Holding our heads high

Just as trees are connected underground by a network of fungi – sharing nutrients, water and danger signals – so wealth in the trillions is tied up in investments that will have to provide funds for pensions for the retired, job opportunities for the young, medical research, technology infrastructure, climate-change action and…. in short, a future. Companies will need to attract not just an investor base, but also social or charitable partners, employees and future leaders from a generation who will demand to know how their money is being made and whether, by being connected to them, they can hold their heads high up above the canopy.

9 July 2020

All opinions are those of Carole Haswell and do not constitute financial advice

Talking Finances With Women

I’ve a feeling that there is going to be a whole lot of marketing aimed at women around sustainable investing. As ever, there will be a gulf between the promotions coming from on high and the position of non-investors on the ground with questions like: Is this for me, how does it work and why might I need it? This is where I think financial advisers, planners and commentators can all step up, but I also believe it will be stories like these that get us interested in the first place. If you are inspired to take this further, please see ‘A bit more understanding’ below.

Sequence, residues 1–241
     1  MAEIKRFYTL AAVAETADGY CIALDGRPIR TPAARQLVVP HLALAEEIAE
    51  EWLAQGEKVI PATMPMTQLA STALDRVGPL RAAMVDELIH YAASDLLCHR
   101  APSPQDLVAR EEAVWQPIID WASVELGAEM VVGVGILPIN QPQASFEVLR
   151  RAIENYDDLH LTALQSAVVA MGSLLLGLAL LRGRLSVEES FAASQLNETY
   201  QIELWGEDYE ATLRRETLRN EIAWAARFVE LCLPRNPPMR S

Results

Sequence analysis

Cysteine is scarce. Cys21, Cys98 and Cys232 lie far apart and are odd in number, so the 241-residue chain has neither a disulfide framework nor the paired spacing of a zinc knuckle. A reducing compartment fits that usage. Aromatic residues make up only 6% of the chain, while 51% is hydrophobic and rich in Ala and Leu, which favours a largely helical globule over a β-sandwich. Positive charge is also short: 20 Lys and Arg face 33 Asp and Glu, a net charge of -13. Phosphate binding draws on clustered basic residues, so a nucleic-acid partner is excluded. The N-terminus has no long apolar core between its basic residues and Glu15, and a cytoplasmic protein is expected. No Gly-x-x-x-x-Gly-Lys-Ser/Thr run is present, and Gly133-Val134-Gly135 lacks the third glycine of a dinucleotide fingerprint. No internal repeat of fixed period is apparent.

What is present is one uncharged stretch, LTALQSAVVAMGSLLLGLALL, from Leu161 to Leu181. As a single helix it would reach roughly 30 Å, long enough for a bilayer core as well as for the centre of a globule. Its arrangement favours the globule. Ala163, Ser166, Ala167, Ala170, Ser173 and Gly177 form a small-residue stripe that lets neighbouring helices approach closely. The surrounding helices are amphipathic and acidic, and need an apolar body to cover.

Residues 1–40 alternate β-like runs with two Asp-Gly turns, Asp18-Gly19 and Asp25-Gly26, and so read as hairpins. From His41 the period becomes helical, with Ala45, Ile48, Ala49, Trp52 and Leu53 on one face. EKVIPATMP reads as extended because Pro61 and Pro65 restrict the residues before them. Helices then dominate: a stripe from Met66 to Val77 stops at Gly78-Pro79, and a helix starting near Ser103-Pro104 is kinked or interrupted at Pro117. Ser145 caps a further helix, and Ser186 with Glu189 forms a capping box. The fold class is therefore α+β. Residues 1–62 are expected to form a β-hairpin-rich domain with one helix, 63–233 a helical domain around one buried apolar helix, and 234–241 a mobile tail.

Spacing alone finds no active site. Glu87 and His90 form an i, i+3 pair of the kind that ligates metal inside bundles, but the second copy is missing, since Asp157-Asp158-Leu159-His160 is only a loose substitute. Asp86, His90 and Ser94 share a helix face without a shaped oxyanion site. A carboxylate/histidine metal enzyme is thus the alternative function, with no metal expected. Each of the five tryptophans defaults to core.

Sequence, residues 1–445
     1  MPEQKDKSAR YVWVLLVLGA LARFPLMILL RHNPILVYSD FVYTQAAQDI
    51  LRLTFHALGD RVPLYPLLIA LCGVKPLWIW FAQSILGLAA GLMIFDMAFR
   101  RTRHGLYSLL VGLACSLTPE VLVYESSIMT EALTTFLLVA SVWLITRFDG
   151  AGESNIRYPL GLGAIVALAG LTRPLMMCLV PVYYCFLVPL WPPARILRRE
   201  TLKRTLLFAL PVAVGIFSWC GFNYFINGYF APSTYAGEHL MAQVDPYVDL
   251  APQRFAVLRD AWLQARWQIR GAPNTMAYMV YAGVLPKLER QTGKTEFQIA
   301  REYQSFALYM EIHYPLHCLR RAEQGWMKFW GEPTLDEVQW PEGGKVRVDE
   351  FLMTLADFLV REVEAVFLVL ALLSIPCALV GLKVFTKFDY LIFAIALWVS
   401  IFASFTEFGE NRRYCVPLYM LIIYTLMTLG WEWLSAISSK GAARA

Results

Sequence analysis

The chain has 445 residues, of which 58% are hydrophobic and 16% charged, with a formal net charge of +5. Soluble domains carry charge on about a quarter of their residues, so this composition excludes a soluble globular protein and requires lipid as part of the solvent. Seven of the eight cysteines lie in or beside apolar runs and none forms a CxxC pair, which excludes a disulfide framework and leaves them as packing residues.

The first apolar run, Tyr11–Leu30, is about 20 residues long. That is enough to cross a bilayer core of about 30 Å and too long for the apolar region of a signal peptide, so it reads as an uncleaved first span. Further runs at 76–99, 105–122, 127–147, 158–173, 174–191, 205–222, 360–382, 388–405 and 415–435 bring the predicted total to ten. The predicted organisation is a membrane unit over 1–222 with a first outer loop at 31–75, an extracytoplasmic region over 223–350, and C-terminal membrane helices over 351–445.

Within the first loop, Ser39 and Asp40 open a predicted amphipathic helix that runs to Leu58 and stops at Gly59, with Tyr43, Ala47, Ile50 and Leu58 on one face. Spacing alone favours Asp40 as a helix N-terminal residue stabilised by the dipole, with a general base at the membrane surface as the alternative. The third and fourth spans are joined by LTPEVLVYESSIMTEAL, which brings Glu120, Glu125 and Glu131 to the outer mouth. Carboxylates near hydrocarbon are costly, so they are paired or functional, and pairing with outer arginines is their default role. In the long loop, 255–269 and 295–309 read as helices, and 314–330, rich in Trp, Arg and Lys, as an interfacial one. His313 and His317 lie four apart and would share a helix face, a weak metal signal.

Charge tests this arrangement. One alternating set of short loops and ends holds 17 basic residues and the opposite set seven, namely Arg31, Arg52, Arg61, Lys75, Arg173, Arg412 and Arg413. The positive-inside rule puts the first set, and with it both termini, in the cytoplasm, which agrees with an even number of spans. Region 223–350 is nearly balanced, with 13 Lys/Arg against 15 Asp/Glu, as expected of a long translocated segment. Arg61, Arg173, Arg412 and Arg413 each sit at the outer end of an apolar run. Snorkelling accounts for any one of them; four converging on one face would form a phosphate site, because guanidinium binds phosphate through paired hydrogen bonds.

A bit more understanding

These Sustainable Investment mini blogs are not about providing investment tips. The point is to flag to you the sort of projects that professionals who invest sustainably keep an eye on. Generally speaking, ordinary folk investing on their own behalf would not be encouraged to invest directly in companies, but to use funds made up of a number of different companies. This way, we can pool our resources and spread out our risk.

The professionals who manage these funds (imaginatively known as fund managers) have exams coming out of their ears and do tonnes of research into the companies they invest in so that you don’t have to. After all, you wouldn’t want to bet your house on a single company that is doing great things as its core business only to find out that it has a side hustle in selling pandas into slavery.